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Metformin treatment of high-fat diet-fed obese male mice restores sperm function and fetal growth, without requiring weight loss


1 Robinson Research Institute, School of Medicine, University of Adelaide, Adelaide 5005, Australia
2 Freemasons Foundation Centre for Men's Health, University of Adelaide, Adelaide 5005, Australia
3 Repromed, Dulwich 5065, Australia
4 Monash IVF Group, Melbourne 3000, Australia

Correspondence Address:
Nicole O McPherson,
Robinson Research Institute, School of Medicine, University of Adelaide, Adelaide 5005; Freemasons Foundation Centre for Men's Health, University of Adelaide, Adelaide 5005; Repromed, Dulwich 5065
Australia
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Source of Support: None, Conflict of Interest: None

DOI: 10.4103/aja.aja_141_19

PMID: 32098932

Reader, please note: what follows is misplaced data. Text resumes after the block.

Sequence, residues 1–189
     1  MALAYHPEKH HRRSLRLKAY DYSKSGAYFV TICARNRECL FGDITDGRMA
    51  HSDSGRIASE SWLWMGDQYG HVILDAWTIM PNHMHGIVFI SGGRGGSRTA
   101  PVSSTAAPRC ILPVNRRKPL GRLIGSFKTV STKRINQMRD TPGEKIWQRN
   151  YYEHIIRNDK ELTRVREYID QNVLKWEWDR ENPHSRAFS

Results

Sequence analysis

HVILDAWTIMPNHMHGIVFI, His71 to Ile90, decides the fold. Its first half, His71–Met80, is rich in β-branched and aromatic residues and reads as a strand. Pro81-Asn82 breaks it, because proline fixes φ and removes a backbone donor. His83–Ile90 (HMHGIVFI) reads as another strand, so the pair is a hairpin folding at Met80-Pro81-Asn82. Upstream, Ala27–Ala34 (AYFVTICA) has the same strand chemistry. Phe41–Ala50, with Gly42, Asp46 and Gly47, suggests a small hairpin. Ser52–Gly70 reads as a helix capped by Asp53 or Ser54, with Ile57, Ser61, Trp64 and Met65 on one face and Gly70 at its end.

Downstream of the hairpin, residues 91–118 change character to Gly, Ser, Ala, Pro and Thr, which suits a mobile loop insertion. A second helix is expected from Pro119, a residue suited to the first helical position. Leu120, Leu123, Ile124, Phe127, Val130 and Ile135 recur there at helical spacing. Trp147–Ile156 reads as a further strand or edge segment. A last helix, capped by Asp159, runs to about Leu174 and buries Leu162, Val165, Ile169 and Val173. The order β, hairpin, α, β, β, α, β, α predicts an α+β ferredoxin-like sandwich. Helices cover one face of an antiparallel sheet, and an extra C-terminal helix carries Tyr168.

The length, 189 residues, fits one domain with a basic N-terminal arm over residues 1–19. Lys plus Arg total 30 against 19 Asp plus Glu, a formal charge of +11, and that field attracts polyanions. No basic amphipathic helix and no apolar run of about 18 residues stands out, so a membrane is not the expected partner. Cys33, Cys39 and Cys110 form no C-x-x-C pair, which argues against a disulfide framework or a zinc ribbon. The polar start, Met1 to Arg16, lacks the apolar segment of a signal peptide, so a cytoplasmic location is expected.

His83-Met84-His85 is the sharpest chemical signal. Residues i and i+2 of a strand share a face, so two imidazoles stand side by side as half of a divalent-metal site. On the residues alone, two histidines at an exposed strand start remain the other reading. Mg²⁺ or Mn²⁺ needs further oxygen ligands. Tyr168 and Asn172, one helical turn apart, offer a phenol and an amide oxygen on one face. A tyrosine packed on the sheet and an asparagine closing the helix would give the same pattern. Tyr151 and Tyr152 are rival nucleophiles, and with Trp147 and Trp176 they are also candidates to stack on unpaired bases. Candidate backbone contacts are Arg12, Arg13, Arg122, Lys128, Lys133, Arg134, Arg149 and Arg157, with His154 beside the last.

Male obesity is associated with subfertility and increased disease risk of offspring. It is unknown if effects can be reversed through pharmacological interventions. Five- to 6-week-old C57BL6 male mice were fed control diet (n = 10, CD) or high-fat diet (n = 20, HFD) for 16 weeks. Animals fed with a HFD were then allocated to continuation of HFD (n = 8) or HFD with metformin 28 mg kg−1 day−1 (n = 8) for 6 weeks. Animals fed with CD continued on a CD (n = 9). Males were mated with fertile C57BL6 females for the assessment of pregnancy and fetal growth. Sperm motility, spermatozoa and testicular morphology, sperm-zona pellucida binding, sperm reactive oxygen species (ROS) (intracellular [DCFDA], superoxide [MSR], and oxidative DNA lesions [8OHdG]), and mitochondrial membrane potential (JC1) were assessed. Metformin treatment of HFD males improved glucose tolerance (+12%, P < 0.05) and reduced Homeostatic Model Assessment of Insulin Resistance (HOMA-IR; −36%, P < 0.05). This occurred in the absence of a change in body weight or adiposity. Metformin treatment of HFD-fed males restored testicular morphology (+33%, P < 0.05), sperm motility (+66%, P < 0.05), sperm–zona pellucida binding (+25%, P < 0.05), sperm intracellular ROS concentrations (−32%, P < 0.05), and oxidative DNA lesions (−45%, P < 0.05) to the levels of the CD males. Metformin treatment of HFD fathers increased fetal weights and lengths compared with those born to HFD fathers (+8%, P < 0.05), with fetal lengths restored to those of fetuses of CD males. Short-term metformin treatment in men who are obese could be a potential intervention for the treatment of subfertility, without the need for a reduction in body weight/adiposity.


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